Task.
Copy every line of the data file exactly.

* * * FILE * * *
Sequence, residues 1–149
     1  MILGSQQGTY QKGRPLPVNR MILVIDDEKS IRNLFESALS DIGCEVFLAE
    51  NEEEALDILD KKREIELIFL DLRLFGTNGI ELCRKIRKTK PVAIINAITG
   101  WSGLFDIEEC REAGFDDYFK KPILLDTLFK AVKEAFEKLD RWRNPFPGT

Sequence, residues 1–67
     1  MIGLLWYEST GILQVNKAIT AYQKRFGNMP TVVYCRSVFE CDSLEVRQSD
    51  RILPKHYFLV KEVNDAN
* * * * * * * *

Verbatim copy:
Sequence, residues 1–149
     1  MILGSQQGTY QKGRPLPVNR MILVIDDEKS IRNLFESALS DIGCEVFLAE
    51  NEEEALDILD KKREIELIFL DLRLFGTNGI ELCRKIRKTK PVAIINAITG
   101  WSGLFDIEEC REAGFDDYFK KPILLDTLFK AVKEAFEKLD RWRNPFPGT

Sequence, residues 1–67
     1  MIGLLWYEST GILQVNKAIT AYQKRFGNMP TVVYCRSVFE CDSLEVRQSD
    51  RILPKHYFLV KEVNDAN